"US and Global Infrastructure is Unprepared and Unwilling to Prepare for the Increase in Migration" -- Four Critical Strategies to Take On Climate Migration
What is the IPCC?
The Intergovernmental Panel on Climate Change was initiated by the United Nations and the World Meteorological Organization in 1988. Since then, it has regularly reported and assessed the science relating to climate change based on rigorous science. Its reports are collaborative, developed by scientists from across the world and peer reviewed. The IPCC won the Nobel Peace Prize for its work in 2007. This month’s report is part of the Sixth Assessment Report. In September 2021, the IPCC released its update on the physical science basis as part of the Sixth Assessment Report. Upcoming additional reports as part of this latest assessment include an April 2022 report on mitigation of climate change and a September 2022 synthesis of all the reports.
Last week, 270 leading scientists from 67 countries released an illuminating and damning 3,675-page report on climate change and impacts, adaption, and vulnerability. The scientists provided their expertise as members of a working group of the Intergovernmental Panel on Climate Change (IPCC) as part of their Sixth Assessment Report. United Nations Secretary General Antonio Guterres described this latest report as “an atlas of human suffering.” The report itself is thick with dire assessments of the planet’s current state and the devastating path ahead, and concluded its summary by declaring, “the cumulative scientific evidence is unequivocal: Climate change is a threat to human well-being and planetary health. Any further delay in concerted anticipatory global action on adaptation and mitigation will miss a brief and rapidly closing window of opportunity to secure a livable and sustainable future for all.”
In 2021, almost 90 million people worldwide were forced to leave everything behind, despite the travel restrictions of the pandemic. The number of forcibly displaced is record shattering. Here in the US, 1.7 million people were detained at the US-Mexico border last year, although the figure may be inflated because of “repeat encounters,” those attempting to cross after an initial crossing failed. Many were fleeing violence and economic instability directly or indirectly linked to climate change. A majority of migrants were immediately turned away, despite their requests for asylum.
US and global infrastructure is unprepared and unwilling to prepare for the increase in migration that we are already seeing, and the massive rise in migration on the horizon as climate change progresses. Here are four ways to respond to the growing and correlated crises of climate change and migration:
1. The overwhelmed and immoral asylum system in the US needs an immediate overhaul.
Asylum seekers have a right to ask for asylum, as declared in Article 14 of the UN’s Universal Declaration of Human Rights. But throughout the pandemic, the US has used Title 42, a law interpreted to allow denial of entry under the guise of reducing the spread of COVID. This week, a federal appeals court issued a ruling that prevents the Biden Administration from continuing to deport people into danger through Title 42. However, other avenues to deport asylum seekers to Mexico to await their hearing, like the Migrant Protection Protocols, are still in effect. For those who do manage to successfully request asylum, they discover that their hearings are often many years away. While they wait in the US, their immigration status is unclear and they are not eligible to work or apply for programs, or have delays in their status adjustments that, as new immigrants trying to rebuild a life after fleeing their homes and their communities, they may desperately need.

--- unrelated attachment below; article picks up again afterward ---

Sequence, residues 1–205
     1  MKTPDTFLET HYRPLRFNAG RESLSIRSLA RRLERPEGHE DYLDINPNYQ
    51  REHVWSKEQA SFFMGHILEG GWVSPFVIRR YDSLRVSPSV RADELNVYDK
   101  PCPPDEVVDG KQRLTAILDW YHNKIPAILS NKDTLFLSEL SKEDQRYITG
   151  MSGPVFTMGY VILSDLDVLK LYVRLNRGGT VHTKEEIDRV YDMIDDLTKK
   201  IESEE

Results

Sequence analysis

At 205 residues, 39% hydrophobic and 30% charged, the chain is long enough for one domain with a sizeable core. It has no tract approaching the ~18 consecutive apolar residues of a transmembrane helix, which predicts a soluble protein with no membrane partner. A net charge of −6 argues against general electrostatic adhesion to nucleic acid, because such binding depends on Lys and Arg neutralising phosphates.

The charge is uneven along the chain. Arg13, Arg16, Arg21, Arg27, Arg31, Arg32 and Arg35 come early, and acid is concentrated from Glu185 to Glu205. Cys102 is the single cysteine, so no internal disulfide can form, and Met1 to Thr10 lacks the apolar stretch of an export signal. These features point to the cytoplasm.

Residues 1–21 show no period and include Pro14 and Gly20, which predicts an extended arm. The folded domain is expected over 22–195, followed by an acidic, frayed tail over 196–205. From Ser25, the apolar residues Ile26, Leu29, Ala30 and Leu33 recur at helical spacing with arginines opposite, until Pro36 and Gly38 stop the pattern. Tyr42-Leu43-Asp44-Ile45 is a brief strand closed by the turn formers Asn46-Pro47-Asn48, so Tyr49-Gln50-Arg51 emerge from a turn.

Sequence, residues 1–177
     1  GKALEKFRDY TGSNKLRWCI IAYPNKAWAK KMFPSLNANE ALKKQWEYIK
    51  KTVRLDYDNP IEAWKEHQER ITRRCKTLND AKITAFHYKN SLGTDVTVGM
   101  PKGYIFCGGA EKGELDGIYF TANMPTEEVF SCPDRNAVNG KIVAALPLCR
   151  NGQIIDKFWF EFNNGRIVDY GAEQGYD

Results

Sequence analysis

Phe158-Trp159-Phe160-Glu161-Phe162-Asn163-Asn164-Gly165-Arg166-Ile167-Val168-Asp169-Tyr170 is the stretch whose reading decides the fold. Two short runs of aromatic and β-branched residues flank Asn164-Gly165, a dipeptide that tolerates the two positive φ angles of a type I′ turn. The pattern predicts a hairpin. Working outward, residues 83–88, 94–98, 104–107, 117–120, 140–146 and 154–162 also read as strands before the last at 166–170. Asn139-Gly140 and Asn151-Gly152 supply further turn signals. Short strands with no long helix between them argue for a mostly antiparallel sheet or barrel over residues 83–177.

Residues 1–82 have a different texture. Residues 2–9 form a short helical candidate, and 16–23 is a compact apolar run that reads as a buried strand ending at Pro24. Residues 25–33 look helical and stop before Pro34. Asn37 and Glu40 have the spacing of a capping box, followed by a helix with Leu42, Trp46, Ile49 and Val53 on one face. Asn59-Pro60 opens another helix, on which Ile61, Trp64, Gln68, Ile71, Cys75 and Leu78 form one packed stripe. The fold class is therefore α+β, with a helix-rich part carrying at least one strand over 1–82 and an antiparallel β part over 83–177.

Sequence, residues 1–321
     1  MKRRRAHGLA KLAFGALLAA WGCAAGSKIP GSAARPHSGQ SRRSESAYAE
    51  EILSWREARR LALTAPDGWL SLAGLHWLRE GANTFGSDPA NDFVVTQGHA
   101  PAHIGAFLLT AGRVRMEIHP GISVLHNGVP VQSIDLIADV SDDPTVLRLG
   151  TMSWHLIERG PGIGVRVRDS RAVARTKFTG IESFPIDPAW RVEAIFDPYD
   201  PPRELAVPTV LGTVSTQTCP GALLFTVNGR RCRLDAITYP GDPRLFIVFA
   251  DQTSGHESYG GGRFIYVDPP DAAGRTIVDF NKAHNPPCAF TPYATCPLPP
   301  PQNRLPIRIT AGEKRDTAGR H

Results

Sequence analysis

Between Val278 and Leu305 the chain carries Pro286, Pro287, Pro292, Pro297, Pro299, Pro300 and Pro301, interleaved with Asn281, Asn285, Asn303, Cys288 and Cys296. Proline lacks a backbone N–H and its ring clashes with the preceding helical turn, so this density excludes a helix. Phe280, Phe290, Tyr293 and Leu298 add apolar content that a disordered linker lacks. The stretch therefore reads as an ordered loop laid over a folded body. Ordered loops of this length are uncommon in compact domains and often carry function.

The IPCC indicates the confidence with which they issue their statements, based on the available data and their experts’ analysis. Here are a few quotes from the recent summary for policymakers:
“Human-induced climate change, including more frequent and intense extreme events, has caused widespread adverse impacts and related losses and damages to nature and people, beyond natural climate variability. Some development and adaptation efforts have reduced vulnerability. Across sectors and regions the most vulnerable people and systems are observed to be disproportionately affected.”
“Future human vulnerability will continue to concentrate where the capacities of local, municipal and national governments, communities and the private sector are least able to provide infrastructures and basic services (high confidence).”
“Key infrastructure systems including sanitation, water, health, transport, communications and energy will be increasingly vulnerable if standards do not account for changing climate conditions (high confidence).”
“Through displacement and involuntary migration from extreme weather and climate events, climate change has generated and perpetuated vulnerability (medium confidence).”
“Vulnerability of ecosystems and people to climate change differs substantially among and within regions (very high confidence), driven by patterns of intersecting socio-economic development, unsustainable ocean and land use, inequity, marginalization, historical and ongoing patterns of inequity such as colonialism, and governance31 (high confidence). Approximately 3.3 to 3.6 billion people live in contexts that are highly vulnerable to climate change (high confidence). A high proportion of species is vulnerable to climate change (high confidence). Human and ecosystem vulnerability are interdependent (high confidence). Current unsustainable development patterns are increasing exposure of ecosystems and people to climate hazards (high confidence).”
2. Climate migration is growing and policy needs to expand to recognize our new reality.
When two back-to-back Category Four hurricanes slammed into Central America in the fall of 2020, the region was already experiencing extreme poverty, political instability, and high levels of gang violence. Tens of thousands of small farmers and subsistence farmers were wiped out. Tens of thousands more were left homeless or lost most of their possessions in flooding. Infrastructure has been weakened or destroyed. Many people in the US have questioned why rural residents who have lost their livelihoods don’t move to local cities to find work, but these local cities, already wracked by gang violence and poverty, provide few opportunities for a safe resettlement. In fact, preexisting conflicts and pressures like gang violence and poverty are intensified when climate-fueled disasters strike. Newly arrived populations only further pressurize those concerns.